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Discussion Starter #13
how many bubbles a minute do you guys run on average and how long and big are your co2 tanks
 

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how many bubbles a minute do you guys run on average and how long and big are your co2 tanks
I run about 1-2 bps on a 2.5g nano.

I have a 10 lb CO2 tank that will last me a lifetime at the rate I'm using it ;)
 

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You would have to increase the bubble rate for a 30g tank; if you were to try to keep 1-2 bps on a 30g tank, you probably would not be able to achieve 30 ppm of CO2.

A 10 lb tank should be able to last a 30g tank about a year, given a reasonable bubble rate.
 

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Looks nice. Not cheap. At that pricepoint, I'd stay with one of the known providers here like Sumo, GLA, Rex. They know your application and are always around for support. You can get a great setu including a top-notch needle valve for that price.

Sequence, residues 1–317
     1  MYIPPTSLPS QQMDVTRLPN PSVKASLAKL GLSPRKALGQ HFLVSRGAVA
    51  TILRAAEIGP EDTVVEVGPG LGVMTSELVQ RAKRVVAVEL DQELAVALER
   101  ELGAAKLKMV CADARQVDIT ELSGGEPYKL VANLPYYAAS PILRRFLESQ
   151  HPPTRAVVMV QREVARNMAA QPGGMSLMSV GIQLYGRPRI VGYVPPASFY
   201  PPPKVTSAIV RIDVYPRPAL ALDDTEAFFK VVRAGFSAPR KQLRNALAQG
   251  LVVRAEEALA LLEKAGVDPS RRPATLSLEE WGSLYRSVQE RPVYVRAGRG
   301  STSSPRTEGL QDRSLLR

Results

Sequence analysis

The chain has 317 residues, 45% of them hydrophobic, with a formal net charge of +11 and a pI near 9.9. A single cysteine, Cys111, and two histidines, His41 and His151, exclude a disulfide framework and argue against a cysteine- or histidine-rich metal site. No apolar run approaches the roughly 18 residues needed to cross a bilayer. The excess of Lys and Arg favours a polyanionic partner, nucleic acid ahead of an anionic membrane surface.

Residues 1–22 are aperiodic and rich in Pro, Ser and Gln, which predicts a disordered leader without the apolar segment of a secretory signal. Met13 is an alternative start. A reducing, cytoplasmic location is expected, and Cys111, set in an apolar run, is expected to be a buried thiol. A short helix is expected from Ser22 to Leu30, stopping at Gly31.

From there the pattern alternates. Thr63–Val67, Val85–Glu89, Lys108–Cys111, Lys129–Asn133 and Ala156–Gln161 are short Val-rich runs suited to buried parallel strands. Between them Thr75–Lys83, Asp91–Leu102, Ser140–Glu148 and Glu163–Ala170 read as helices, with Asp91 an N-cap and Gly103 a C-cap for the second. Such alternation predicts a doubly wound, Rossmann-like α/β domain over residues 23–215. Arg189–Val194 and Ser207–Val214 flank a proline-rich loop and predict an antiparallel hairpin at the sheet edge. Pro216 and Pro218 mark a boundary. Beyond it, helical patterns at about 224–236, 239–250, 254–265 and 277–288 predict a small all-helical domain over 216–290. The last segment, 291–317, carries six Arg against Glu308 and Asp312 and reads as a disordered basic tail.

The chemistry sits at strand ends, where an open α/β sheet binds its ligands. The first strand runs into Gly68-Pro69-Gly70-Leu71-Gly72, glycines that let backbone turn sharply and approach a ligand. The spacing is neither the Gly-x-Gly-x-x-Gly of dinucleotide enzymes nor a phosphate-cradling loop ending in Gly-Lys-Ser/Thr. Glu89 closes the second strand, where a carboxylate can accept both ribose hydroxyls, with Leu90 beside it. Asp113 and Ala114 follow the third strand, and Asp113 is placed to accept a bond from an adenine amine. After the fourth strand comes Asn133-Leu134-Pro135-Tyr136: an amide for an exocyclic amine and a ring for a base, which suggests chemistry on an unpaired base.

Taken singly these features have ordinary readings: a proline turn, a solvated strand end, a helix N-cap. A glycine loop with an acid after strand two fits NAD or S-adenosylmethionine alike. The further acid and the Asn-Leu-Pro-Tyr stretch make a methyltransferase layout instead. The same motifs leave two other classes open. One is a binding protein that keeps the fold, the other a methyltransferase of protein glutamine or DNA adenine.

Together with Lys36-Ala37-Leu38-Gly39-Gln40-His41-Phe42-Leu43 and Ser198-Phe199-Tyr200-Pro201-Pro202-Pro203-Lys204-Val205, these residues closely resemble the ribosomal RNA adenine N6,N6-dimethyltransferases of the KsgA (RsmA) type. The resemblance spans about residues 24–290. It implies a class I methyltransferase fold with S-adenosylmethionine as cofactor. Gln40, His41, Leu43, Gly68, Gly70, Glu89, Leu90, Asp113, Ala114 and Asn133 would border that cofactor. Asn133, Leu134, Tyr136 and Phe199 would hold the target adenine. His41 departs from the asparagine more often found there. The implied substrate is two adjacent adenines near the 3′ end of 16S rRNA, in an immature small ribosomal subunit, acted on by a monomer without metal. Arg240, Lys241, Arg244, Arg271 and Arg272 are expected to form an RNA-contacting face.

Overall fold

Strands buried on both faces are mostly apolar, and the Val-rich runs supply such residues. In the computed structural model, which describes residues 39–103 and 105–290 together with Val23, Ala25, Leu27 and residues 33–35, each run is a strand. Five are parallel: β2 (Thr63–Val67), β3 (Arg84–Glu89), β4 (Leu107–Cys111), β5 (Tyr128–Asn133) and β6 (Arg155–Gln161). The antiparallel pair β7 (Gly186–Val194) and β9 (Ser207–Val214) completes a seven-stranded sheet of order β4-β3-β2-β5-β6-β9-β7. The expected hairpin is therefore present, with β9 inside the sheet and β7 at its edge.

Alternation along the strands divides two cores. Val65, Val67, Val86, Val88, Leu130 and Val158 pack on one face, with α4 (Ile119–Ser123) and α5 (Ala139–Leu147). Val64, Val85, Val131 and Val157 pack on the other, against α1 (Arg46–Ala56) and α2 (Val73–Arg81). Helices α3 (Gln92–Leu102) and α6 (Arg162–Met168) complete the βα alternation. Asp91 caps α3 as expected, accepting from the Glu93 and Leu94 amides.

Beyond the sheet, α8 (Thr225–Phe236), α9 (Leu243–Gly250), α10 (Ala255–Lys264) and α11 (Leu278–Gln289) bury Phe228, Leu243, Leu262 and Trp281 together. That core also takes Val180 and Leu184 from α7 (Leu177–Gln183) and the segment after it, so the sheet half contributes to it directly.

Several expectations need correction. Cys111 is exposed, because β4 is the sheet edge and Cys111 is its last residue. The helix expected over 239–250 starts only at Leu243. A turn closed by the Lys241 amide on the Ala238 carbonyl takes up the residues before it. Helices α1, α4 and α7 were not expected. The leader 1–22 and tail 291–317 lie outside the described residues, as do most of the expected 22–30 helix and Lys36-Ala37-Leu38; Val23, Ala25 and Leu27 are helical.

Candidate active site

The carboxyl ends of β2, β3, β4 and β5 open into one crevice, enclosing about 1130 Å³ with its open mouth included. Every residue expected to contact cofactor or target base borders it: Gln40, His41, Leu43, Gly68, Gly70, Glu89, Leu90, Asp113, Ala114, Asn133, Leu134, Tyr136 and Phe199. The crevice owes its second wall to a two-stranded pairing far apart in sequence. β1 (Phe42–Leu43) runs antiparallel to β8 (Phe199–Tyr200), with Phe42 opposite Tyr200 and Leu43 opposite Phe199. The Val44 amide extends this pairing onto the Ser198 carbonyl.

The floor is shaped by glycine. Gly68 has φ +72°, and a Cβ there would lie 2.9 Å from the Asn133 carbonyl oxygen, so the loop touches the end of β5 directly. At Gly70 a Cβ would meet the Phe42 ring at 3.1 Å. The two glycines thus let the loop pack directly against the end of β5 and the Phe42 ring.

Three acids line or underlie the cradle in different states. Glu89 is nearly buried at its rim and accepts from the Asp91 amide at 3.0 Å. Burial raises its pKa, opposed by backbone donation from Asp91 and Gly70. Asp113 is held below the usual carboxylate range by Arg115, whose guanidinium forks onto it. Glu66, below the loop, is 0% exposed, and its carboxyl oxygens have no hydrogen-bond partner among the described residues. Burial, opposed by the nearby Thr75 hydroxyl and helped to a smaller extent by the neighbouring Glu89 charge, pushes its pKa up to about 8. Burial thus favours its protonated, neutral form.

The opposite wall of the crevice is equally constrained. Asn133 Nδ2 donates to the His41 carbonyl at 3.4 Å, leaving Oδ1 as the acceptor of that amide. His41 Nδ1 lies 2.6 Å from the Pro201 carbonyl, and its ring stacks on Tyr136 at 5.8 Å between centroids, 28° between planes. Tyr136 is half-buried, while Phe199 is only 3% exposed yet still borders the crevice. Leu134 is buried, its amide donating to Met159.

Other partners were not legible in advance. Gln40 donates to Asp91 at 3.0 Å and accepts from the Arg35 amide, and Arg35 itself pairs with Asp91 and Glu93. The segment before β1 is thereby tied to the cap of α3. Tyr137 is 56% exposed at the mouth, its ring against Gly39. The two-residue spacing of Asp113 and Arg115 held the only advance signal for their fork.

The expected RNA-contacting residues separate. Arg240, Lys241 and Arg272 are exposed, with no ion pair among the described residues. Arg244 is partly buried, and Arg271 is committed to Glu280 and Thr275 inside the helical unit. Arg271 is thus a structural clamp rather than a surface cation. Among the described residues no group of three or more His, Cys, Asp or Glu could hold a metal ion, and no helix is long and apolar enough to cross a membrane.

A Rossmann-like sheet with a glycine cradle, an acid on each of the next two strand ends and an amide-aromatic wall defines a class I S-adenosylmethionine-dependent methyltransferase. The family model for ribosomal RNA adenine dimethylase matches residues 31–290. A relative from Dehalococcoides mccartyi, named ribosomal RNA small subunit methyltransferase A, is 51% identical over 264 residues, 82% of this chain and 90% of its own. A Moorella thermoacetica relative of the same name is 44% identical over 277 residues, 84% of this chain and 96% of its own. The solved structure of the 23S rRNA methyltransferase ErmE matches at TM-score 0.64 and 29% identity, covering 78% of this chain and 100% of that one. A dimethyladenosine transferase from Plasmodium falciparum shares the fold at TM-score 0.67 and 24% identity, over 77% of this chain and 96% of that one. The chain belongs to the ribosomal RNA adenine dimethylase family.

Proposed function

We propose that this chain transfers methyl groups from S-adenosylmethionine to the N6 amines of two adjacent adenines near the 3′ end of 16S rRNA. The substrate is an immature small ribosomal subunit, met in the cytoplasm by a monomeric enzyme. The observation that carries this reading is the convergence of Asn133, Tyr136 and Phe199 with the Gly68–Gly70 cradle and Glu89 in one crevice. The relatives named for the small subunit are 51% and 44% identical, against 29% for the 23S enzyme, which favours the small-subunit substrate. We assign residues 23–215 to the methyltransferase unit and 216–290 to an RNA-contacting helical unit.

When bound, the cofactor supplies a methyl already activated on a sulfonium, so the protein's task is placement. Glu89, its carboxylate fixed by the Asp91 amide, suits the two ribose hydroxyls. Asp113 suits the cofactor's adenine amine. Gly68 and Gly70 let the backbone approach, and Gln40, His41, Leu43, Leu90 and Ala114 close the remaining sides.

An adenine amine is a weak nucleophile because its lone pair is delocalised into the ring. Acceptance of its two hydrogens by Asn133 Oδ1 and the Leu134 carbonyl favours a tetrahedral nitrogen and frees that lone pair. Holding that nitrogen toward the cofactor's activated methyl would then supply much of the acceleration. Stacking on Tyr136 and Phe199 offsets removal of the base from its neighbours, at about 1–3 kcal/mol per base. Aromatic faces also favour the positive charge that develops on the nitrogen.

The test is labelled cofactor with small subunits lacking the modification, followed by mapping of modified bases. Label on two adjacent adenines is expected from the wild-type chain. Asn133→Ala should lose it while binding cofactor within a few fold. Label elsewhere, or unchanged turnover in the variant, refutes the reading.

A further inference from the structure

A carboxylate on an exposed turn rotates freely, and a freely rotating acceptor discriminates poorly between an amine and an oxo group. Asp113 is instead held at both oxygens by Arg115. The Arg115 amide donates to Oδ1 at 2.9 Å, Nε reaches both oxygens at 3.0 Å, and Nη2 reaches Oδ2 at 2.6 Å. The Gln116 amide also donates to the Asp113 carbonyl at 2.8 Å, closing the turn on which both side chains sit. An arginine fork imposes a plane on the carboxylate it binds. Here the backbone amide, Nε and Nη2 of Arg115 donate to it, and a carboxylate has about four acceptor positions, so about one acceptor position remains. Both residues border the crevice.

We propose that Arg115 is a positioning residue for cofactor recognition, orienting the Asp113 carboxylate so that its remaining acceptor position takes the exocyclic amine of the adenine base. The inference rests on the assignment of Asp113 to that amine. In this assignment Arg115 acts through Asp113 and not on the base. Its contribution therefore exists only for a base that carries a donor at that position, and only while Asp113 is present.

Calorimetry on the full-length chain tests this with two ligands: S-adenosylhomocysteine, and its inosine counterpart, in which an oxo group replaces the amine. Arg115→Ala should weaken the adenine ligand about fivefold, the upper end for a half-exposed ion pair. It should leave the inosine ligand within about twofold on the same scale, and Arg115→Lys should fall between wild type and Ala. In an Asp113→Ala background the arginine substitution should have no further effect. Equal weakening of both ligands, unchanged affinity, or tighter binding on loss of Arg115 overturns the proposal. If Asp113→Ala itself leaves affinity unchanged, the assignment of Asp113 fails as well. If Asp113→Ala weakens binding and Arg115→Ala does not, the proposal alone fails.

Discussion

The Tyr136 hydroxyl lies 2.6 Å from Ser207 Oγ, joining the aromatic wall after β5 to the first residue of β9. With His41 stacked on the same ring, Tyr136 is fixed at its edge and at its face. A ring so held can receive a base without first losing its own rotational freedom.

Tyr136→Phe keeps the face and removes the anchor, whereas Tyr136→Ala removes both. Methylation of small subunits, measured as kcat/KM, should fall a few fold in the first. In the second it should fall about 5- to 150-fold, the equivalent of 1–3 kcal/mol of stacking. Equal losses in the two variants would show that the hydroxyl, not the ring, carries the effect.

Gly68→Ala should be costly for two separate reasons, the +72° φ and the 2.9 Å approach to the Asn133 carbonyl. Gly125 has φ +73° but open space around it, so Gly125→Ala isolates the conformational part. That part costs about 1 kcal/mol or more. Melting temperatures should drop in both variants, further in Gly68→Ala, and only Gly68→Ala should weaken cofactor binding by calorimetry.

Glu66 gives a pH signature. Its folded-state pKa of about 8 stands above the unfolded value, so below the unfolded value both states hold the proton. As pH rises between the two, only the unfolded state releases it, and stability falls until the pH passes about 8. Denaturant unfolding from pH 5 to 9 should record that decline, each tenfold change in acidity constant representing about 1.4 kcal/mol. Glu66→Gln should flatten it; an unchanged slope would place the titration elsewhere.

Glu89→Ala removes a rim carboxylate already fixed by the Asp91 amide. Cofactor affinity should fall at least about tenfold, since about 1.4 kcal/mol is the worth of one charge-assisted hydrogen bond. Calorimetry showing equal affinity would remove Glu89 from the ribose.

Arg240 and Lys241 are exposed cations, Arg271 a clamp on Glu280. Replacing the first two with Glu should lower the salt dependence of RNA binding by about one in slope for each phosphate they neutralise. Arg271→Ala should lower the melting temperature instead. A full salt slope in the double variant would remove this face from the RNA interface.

AB
 

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Discussion Starter #20
Looks nice. Not cheap. At that pricepoint, I'd stay with one of the known providers here like Sumo, GLA, Rex. They know your application and are always around for support. You can get a great setu including a top-notch needle valve for that price.

AB
ok thanks is there a certain place you guys recommend buying them from